From drug trafficking scandals to poisonous air purifiers, big companies have stumbled into all sorts of suicidal mishaps that have killed top brands.
Chrysler and Sharper Image are among the companies that failed to save some of their own huge brands.
Here are 10 examples of corporate missteps that could have been avoided.
In 1972, Atari released Pong, thereby pioneering the video game. By the end of the decade, it was the fastest-growing company in the US, its Atari 2600 gaming console shaping up to be the world's best-selling console.
Then the 80s happened.
In 1982, Atari majorly hyped up two video games that flopped on release. One of the games was E.T., which is today considered to be the worst video game ever made. Atari buried millions of unsold E.T. game cartridges in the desert, and in 1984, Warner Communications sold the problem-riddled home gaming division of Atari Inc. to Tramel Technology.
Circuit City flopped for many reasons -- failure to manage its inventory and website are two major causes of the electronics retailer's decline.
What makes the Circuit City case unique, however, is the lesson in the value of one's best employees.
In March of 2007, Circuit City set itself on a slippery slope when it fired 3,400 of its highest paid workers. The company said that replacing these employees with those willing to work for less was part of an effort to improve the bottom line.
Analysts were quick to note an almost immediate decline in Circuit City's business. About 60 per cent of the employees fired held in-store positions: '...this is clearly why April sales were worse,' said Tim Allen, an analyst with Jefferies & Co. 'They were replaced with less knowledgeable associates.'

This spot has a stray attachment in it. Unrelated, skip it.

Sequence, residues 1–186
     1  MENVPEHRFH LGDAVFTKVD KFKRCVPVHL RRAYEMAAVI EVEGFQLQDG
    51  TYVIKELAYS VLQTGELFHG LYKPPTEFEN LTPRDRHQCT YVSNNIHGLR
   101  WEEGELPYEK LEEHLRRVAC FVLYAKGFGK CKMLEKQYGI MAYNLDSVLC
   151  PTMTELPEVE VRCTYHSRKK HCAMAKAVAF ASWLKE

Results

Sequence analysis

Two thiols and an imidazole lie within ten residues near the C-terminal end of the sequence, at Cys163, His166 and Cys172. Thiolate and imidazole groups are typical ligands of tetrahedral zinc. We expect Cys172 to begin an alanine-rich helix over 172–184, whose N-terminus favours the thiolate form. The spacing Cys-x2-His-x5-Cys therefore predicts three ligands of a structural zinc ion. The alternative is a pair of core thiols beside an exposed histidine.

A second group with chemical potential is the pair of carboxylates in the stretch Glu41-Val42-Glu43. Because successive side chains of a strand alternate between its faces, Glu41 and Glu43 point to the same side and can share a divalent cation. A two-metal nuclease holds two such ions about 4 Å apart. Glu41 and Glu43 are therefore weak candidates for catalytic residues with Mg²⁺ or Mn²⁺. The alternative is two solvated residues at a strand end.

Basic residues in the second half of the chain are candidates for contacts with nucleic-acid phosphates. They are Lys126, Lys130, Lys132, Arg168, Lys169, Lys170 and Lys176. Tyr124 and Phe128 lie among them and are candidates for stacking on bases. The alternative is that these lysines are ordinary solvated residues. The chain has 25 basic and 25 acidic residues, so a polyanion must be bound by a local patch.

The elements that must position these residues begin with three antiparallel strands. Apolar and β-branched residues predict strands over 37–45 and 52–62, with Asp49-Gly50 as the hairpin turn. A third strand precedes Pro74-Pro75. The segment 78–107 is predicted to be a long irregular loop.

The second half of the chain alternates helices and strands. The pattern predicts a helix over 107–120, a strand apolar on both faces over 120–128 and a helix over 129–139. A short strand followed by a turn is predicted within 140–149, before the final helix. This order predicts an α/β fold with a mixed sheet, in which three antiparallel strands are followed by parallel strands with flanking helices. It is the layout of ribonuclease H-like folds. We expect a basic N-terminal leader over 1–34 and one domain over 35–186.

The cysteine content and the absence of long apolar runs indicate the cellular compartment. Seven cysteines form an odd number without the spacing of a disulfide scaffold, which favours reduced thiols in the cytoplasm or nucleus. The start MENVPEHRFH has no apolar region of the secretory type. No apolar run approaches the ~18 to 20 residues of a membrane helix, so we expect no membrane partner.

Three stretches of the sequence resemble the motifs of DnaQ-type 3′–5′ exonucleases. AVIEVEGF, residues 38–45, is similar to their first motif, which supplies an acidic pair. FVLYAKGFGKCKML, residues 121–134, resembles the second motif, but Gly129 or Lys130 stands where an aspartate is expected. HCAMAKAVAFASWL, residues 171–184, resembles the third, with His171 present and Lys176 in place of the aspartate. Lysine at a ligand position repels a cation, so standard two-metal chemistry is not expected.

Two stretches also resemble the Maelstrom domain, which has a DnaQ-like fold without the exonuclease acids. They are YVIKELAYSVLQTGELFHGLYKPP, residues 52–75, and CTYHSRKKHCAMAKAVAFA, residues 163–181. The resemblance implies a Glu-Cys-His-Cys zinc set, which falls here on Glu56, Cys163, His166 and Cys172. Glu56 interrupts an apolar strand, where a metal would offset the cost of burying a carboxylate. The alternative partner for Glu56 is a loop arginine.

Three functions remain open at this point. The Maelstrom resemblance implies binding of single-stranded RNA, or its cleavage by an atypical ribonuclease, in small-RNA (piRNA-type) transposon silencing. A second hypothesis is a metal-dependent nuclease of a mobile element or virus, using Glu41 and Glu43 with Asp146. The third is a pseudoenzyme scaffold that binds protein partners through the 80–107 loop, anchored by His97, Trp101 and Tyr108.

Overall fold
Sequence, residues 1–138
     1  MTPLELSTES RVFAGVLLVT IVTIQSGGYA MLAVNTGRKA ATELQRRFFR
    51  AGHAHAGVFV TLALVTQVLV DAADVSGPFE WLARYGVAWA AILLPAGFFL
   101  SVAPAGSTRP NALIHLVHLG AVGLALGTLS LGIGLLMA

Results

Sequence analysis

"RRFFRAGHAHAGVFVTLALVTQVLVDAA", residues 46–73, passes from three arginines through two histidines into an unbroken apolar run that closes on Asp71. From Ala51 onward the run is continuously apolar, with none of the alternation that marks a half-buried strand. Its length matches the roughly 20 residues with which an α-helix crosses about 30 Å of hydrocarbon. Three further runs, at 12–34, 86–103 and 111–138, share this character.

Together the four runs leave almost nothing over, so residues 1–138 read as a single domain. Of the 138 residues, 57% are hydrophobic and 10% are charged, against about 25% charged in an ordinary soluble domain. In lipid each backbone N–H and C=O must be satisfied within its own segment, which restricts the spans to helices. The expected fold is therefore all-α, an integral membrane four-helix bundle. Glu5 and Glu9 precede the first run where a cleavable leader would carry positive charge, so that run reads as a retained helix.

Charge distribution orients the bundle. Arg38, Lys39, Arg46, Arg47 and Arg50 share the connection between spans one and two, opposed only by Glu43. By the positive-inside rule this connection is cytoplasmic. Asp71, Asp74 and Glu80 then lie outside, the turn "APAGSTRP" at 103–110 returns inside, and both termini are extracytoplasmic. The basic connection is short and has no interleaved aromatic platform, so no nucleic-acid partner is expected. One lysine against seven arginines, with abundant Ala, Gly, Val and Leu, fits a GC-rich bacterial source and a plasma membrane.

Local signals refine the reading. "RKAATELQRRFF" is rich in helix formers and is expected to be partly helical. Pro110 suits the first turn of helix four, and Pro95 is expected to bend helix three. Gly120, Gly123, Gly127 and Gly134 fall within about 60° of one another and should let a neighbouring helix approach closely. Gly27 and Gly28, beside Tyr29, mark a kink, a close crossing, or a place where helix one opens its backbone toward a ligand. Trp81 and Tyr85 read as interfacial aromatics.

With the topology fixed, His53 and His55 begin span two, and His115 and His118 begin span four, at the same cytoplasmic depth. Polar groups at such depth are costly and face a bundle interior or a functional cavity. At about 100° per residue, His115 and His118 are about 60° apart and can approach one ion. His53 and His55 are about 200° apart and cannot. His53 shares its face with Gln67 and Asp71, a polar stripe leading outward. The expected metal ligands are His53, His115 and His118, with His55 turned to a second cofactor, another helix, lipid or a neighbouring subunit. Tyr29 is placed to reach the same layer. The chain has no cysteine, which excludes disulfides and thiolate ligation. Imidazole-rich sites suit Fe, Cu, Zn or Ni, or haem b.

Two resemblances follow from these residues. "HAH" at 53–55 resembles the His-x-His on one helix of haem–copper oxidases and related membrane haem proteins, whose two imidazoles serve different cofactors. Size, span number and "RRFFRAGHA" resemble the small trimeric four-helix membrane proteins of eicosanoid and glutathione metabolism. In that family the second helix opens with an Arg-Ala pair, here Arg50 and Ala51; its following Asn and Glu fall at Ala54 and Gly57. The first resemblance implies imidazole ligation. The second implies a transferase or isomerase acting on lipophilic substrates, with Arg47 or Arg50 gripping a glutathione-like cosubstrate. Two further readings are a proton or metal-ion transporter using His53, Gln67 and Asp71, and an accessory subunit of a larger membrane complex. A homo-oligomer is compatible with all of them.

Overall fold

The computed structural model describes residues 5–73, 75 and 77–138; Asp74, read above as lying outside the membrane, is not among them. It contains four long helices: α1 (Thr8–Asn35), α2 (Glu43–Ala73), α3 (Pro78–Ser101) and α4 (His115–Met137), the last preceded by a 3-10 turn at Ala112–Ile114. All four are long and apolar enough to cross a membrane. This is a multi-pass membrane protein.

The XFL was a highly televised sports league that combined football and professional wrestling. organised in 1999, it was a joint venture between NBC and the World Wrestling Federation. Setting records for the lowest primetime ratings in television history, the league was discontinued after just one season.
Dubbed the biggest sports bust of all time by ESPN, the XFL brought NBC and the WWF to a combined $70 million loss. Nevertheless, NBC Sports chairman Dick Ebersol reflected on the league as 'one of the most fun experiences of my life.' Very, very expensive fun.
In an age of environmental awareness, marketing the largest SUV known to man was no easy feat. In 2010, G.M. proved that it was actually impossible when it closed the 18-year-old Hummer brand for good.
'Over the years,' reported the New York Times, 'Hummer shifted from a brawny status symbol...into an automotive pariah.' By the time former Hummer enthusiast Arnold Schwarzenegger cited the brand as a prime example of Detroit automakers' failures, it was already too late. With oil prices on the rise, the Hummer's low gas mileage (10 MPG) was simply obsolete.
G.M. tried to sell the Hummer brand to Sichuan Tengzhong, a Chinese manufacturer, but the Chinese Government did not approve the sale on environmental grounds. Yes, the Hummer emitted too much pollution even for the Chinese.
Pets.com is the poster child of the dot-com bubble's catastrophic bursting.
Launched in 1998, the pet supplies website went public in February of 2000. A hugely expensive marketing effort, together with massive investment in website-based companies at the time, resulted in overvaluation of the e-commerce site. The company failed within a year of its IPO.
The Pets.com model was unwisely built upon early marketing investment and no actual market research. The company succeeded in making its sock puppet spokesman well known, but ultimately found little demand for its services. Upon realising it had no chance of raising the $300 million a year required to break even, Pets.com folded.